I’m an archivist with a wandering eye.
Yes, I admit it. As much as love, cherish, obsess over, and constantly think about archives, I cannot deny my love and passion for rare books! There, I said it. To make matters even more complicated, my love affair is exacerbated by my incredible job. Although I am the Outreach/Special Collections Archivist at the Kennesaw State University Archives, my job as evolved into a position that helps preserve and manage our university’s Bentley Rare Book Gallery. At this point, I’m probably my job is probably 60-70% archives and 30-40% Bentley. It is a love triangle that I am stuck in, and honestly, it’s the best thing that has ever happened to my career. Let me explain why. . .
Since starting my job at KSU, I’ve learned that I don’t have to view rare books and archives in isolation. During graduate school, rare book education was not a topic we touched on at all. This is pretty common for most archival graduate programs, and probably most library graduate programs as well. This left me feeling as though I was inadequate to work with rare books. Although I was desperate to learn more about them, I kept telling myself, “No, you’re an archivist. This is not what you do. Stick with what you know.”
What a miserable existence, right? Now, after plunging into the field of rare books at my job, I am now able to embrace what I do not know and instead of viewing my ignorance as a barrier, I use it as motivation to educate myself further and further.
So where does a person obtain formal education in the field of rare book curation? Well, I am still trying to figure this out. Take a look at this explanation from the American Library Association’s Rare Book and Manuscript Section regarding education in the rare book field (https://rbms.info/committees/membership_and_professional/educational_opportunities/):
Educational opportunities for those seeking a career in rare book and manuscript librarianship are so numerous and diverse, it is becoming increasingly difficult to pinpoint them. These opportunities range from formal academic programs leading to a graduate degree, to single-day workshops or seminars. They are offered by schools of library and information studies, English and History departments, libraries, museums, and other academic organizations, by master craftspersons in bookmaking, and on the internet. They provide education on such varied topics as the theory of textual editing, how to catalog a rare book in the MARC format, the history of bookbinding, typography, and publishing, and how to create electronic archival finding aids. Given this great variety, the Membership and Professional Development Committee of the Rare Books and Manuscripts Section (RBMS) of the Association of College and Research Libraries, American Library Association (ALA), has developed the following directory to aid both prospective and current members of the profession in navigating various educational opportunities for special collections librarianship. Currently, the directory lists graduate coursework offered within degree programs leading to a graduate library degree (MLS).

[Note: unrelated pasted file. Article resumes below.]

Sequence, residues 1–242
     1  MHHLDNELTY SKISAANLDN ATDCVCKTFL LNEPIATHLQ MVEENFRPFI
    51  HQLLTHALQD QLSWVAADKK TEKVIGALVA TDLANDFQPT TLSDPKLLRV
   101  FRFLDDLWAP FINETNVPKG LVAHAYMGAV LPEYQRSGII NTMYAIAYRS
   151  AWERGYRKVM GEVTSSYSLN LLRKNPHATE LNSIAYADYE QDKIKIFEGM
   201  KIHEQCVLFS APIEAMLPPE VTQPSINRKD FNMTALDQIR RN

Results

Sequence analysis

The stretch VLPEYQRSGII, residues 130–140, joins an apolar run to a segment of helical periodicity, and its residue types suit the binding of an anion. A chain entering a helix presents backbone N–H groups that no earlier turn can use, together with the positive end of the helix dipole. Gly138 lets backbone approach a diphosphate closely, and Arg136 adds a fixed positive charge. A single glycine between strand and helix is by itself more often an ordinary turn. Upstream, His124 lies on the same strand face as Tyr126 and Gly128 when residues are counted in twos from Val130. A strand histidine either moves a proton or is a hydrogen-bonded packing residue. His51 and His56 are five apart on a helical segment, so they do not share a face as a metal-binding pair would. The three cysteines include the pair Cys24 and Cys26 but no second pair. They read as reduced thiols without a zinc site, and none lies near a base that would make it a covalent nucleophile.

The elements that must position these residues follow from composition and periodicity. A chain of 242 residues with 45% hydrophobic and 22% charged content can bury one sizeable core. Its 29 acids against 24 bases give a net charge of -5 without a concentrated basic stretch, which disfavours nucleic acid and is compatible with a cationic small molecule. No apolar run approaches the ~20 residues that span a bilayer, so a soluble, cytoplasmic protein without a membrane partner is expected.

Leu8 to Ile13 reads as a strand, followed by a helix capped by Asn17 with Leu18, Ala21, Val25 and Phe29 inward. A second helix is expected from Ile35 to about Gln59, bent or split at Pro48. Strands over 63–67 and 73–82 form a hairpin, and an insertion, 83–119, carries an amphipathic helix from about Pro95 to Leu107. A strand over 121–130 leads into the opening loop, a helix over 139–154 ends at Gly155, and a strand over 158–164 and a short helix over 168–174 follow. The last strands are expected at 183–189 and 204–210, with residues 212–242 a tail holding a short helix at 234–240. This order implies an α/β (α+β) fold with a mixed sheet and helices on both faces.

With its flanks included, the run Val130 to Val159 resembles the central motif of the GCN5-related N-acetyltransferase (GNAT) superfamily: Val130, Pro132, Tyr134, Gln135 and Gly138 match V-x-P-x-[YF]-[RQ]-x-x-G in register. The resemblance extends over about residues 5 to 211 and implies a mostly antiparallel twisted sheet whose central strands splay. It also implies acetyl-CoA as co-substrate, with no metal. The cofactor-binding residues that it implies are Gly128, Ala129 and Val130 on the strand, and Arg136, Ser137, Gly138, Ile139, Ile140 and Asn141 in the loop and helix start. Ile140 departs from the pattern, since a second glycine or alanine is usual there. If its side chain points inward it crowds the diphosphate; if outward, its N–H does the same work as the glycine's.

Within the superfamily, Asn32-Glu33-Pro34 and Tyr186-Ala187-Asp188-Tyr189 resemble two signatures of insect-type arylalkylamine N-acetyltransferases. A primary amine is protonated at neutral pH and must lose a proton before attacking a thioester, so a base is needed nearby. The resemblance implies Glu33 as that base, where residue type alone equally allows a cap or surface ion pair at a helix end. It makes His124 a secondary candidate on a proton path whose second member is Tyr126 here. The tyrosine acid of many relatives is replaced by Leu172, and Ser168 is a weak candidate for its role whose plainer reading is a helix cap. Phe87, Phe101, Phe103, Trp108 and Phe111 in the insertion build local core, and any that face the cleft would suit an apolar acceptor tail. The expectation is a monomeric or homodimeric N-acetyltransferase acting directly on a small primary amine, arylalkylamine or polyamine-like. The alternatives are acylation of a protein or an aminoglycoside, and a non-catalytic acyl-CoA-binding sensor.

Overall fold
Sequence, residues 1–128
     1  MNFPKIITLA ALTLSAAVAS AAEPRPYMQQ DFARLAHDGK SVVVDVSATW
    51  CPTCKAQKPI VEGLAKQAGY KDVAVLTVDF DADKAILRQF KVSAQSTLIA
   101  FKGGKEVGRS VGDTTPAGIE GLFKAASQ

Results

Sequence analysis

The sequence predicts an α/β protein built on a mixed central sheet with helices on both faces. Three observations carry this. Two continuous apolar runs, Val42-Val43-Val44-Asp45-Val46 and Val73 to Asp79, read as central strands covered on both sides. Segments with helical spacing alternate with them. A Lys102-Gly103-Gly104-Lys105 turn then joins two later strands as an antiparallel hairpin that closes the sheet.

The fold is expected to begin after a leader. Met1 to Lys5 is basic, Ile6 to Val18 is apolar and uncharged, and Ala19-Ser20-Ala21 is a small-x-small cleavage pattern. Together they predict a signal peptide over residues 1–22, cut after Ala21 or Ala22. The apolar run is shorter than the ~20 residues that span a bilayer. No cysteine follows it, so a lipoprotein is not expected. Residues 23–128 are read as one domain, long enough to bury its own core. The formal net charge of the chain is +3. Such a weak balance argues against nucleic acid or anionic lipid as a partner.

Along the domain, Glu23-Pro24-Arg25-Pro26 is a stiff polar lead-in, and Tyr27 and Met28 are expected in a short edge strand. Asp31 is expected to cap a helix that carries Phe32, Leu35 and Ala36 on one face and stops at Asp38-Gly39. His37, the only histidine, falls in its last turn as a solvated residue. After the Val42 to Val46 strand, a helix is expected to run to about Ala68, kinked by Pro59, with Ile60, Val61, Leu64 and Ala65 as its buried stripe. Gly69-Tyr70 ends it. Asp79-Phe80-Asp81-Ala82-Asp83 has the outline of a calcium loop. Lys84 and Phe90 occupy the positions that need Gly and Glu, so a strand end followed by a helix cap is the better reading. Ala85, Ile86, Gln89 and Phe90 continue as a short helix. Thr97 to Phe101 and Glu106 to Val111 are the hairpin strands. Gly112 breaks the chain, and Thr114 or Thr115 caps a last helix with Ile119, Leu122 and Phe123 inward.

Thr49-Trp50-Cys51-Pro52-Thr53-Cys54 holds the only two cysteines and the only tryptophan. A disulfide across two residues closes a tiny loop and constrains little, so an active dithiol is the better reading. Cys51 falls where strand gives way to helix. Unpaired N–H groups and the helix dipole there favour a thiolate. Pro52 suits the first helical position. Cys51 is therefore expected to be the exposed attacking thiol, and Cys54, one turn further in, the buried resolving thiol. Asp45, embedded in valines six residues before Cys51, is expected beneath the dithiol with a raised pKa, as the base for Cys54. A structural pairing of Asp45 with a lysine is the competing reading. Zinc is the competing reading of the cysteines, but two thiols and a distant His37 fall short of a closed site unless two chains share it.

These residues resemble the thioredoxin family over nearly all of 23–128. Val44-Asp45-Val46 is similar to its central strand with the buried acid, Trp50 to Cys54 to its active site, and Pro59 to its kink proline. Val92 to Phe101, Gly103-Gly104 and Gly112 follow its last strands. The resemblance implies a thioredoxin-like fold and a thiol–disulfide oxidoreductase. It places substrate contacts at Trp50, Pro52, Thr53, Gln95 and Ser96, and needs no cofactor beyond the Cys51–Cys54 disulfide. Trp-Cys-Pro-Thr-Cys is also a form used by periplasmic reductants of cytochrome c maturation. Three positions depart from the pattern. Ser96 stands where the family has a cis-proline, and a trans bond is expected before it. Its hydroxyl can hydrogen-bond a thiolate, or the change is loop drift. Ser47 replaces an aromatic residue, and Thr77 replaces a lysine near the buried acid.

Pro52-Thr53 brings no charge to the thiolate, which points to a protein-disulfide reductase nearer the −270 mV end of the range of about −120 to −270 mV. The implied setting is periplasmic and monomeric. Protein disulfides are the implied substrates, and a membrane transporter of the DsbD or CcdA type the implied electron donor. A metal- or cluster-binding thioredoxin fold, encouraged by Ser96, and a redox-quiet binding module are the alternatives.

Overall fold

For most of the 20th century, the more ambitious library schools in the United States were the places to go for formal education in rare book and manuscript librarianship. They routinely offered courses in the history of books and printing, descriptive and analytical bibliography, rare book curatorship, paleography, archival management, cataloging, and preservation. However, for the last decade at least, many schools have dropped such offerings. The obvious case in point is Columbia University’s School of Library Service, which after nearly 20 years of leadership in the professional development of special collections librarians, closed its doors in 1992. Surviving library schools have been rethinking their curricula and retooling them for the 21st century by focusing on electronic information technologies. Yet, at the same time, there has never been in more interest in the “history of the book,” both within and outside academia, and there are more places to obtain knowledge on book history than ever before.
In other words, rare book education is not a cut-and-dry process. If you are looking for something more robust, options like Rare Book School, California Rare Book School, Center for Book Arts, Midwest Book and Manuscript Studies, etc. are probably better options. If you are seeking education in more of an informal way, perhaps something a little quicker and less in depth, conferences and workshops are probably your best bet, such as the Rare Book and Manuscript Section (RBMS) annual preconference, and random workshops held by the Society of American Archivists (they’ve got one coming up in December all about rare book. . . check it out here http://saa.archivists.org/events/rare-books-for-archivists-1747/738/).
While formal education is imperative, I believe that apprenticeship and learning from a more experienced rare book curator is one of the best ways to understand this field. Each week, I spend time with Mr. Robert Williams, curator emeritus of rare books at KSU, and I cannot tell you how much I’ve learned from him. Sometime he has to tell me things two and three times before I fully comprehend it, but that is okay. Being under his wing and letting him impart knowledge of his fifty-year career in book collecting onto me is the most wonderful (and fun) way to learn about this field. Find yourself a Mr. Williams!